For decades prior to the creation of the Commission on Judicial Conduct, judges in New York State were subject to professional discipline by a patchwork of courts and procedures. The system, which relied on judges to discipline fellow judges, was ineffective. In the 100 years prior to the creation of the Commission, only 23 judges were disciplined by the patchwork system of ad hoc judicial disciplinary bodies. For example, an ad hoc Court on the Judiciary was convened only six times prior to 1974. There was no staff or even an office to receive and investigate complaints against judges.
Temporary State Commission on Judicial Conduct
In 1974, the Legislature created the Temporary State Commission on Judicial Conduct with a full-time professional staff to investigate and prosecute cases. The temporary commission had authority to investigate allegations of misconduct against judges in the state unified court system, make confidential suggestions and recommendations in the nature of admonitions to judges when appropriate and, in more serious cases, recommend that formal disciplinary proceedings be commenced in the Court on the Judiciary or the Appellate Division. The temporary Commission was composed of two judges, five lawyers and two lay persons. It functioned through August 31, 1976, when it was succeeded by a permanent commission created by amendment to the State Constitution. The temporary Commission received 724 complaints, dismissed 441 upon initial review and commenced 283 investigations during its tenure. It admonished 19 judges and initiated formal disciplinary proceedings against eight judges, in either the Appellate Division or the Court on the Judiciary. One of these judges was removed from office and one was censured. The remaining six matters were pending when the temporary Commission was superseded by its successor Commission. Five judges resigned while under investigation.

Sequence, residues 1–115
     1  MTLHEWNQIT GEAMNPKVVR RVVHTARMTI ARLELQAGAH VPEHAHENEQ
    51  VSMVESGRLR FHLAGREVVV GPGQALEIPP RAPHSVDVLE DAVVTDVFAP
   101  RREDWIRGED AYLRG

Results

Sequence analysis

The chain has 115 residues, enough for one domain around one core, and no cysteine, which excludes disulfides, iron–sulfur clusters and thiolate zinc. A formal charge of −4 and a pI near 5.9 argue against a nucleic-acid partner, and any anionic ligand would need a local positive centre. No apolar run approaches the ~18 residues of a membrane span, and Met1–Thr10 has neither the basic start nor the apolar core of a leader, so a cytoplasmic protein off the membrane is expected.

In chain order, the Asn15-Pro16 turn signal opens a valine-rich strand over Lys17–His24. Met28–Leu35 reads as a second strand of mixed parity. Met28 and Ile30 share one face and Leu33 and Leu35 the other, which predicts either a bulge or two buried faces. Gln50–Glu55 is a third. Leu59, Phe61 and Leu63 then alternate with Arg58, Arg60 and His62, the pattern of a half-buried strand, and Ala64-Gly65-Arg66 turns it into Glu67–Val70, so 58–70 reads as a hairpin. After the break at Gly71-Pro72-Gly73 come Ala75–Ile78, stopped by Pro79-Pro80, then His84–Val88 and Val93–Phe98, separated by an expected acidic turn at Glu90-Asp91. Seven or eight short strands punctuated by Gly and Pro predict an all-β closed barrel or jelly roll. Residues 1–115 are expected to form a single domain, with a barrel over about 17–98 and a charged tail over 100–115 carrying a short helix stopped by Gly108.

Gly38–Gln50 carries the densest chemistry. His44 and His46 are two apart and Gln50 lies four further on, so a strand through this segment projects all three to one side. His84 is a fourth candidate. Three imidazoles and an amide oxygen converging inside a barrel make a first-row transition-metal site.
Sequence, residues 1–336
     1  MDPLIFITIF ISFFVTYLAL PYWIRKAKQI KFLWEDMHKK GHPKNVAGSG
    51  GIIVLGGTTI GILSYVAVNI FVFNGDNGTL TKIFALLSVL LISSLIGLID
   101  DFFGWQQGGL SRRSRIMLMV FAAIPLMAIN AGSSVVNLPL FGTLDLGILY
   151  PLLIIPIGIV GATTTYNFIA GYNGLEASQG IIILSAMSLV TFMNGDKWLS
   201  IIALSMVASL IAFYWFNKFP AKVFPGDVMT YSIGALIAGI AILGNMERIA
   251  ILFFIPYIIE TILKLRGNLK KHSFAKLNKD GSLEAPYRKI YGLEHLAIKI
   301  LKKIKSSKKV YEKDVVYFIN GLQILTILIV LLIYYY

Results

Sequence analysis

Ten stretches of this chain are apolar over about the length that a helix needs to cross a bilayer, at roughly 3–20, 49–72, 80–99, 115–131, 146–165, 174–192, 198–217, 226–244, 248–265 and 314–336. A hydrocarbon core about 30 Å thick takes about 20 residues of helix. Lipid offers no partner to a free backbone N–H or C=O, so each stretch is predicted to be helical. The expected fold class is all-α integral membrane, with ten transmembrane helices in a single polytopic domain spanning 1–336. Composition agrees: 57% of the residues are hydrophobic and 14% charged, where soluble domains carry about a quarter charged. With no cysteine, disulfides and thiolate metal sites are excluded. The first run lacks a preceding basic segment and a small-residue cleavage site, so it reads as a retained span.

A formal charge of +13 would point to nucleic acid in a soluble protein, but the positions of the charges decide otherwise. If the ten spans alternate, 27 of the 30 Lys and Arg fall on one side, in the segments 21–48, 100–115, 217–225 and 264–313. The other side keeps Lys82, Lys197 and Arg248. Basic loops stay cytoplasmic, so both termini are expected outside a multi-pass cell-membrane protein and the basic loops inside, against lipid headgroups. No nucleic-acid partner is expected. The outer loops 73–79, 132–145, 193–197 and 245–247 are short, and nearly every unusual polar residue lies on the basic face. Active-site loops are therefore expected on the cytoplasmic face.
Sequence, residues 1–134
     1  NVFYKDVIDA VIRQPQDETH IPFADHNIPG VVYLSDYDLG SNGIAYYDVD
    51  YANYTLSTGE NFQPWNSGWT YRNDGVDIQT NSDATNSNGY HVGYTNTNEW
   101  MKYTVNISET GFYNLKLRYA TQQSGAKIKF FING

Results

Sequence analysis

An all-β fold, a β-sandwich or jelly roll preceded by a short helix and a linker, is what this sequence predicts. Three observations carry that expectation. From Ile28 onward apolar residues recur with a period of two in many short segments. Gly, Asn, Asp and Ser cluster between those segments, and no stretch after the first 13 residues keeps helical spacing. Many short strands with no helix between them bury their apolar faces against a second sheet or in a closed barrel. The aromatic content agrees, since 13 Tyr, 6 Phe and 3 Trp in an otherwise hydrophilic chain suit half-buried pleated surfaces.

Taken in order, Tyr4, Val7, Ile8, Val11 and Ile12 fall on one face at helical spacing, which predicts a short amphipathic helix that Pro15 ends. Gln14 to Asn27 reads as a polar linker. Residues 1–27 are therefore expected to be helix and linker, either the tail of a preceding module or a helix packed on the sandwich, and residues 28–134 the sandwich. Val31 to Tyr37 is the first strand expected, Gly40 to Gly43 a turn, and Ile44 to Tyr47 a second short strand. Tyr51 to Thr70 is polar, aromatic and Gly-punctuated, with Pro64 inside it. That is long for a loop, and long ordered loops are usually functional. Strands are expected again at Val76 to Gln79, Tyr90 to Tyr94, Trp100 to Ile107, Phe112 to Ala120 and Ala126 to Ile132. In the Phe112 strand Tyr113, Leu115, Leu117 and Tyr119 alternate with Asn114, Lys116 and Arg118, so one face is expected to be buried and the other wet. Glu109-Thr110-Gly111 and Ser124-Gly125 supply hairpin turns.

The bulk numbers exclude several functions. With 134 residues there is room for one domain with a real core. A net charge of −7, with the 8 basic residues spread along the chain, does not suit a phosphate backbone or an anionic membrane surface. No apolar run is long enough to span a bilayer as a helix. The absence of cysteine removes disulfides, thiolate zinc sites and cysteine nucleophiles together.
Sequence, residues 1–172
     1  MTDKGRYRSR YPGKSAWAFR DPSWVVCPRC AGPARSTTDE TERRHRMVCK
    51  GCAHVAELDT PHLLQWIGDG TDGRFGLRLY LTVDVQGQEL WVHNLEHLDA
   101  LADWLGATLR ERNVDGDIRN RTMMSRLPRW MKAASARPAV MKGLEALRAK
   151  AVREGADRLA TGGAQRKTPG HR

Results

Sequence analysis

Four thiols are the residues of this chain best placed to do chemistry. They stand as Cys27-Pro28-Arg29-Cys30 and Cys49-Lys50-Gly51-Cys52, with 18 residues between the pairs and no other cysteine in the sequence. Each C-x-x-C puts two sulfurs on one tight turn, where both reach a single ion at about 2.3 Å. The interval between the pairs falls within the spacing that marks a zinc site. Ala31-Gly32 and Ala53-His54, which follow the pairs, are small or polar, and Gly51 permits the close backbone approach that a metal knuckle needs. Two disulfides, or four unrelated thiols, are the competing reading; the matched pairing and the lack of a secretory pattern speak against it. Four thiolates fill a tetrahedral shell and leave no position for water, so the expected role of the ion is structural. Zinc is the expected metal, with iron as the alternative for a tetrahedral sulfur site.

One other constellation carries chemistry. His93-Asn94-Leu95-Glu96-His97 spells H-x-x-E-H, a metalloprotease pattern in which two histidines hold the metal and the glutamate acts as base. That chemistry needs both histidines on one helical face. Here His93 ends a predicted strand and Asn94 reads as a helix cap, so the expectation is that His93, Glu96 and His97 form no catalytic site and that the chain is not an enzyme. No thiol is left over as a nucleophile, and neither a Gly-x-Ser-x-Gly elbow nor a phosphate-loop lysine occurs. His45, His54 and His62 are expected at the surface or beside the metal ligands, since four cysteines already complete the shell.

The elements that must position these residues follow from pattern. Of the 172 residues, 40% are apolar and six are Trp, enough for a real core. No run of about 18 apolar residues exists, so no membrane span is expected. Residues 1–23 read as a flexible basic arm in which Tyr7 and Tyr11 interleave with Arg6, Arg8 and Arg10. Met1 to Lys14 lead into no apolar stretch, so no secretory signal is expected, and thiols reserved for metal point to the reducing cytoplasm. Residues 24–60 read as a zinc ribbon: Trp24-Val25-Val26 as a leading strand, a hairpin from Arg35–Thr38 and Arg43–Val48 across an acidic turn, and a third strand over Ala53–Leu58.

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The 1976 State Commission on Judicial Conduct
The temporary Commission was succeeded on September 1, 1976, by the first permanent State Commission on Judicial Conduct. The 1976 Commission was established by a constitutional amendment overwhelmingly approved by New York State voters and supplemented by legislative enactment of Article 2-A of the Judiciary Law. The 1976 Commission's tenure lasted through March 31, 1978, when it was replaced by the present Commission.
The 1976 Commission was empowered to investigate allegations of misconduct against judges, impose certain disciplinary sanctions and, when appropriate, initiate formal disciplinary proceedings in the Court on the Judiciary. The sanctions that could be imposed by the former Commission were private admonition, public censure, suspension without pay for up to six months, and retirement for physical or mental disability. Censure, suspension and retirement actions could not be imposed until the judge had been afforded an opportunity for a full adversary hearing. These Commission sanctions were also subject to a de novo hearing in the Court on the Judiciary at the request of the judge.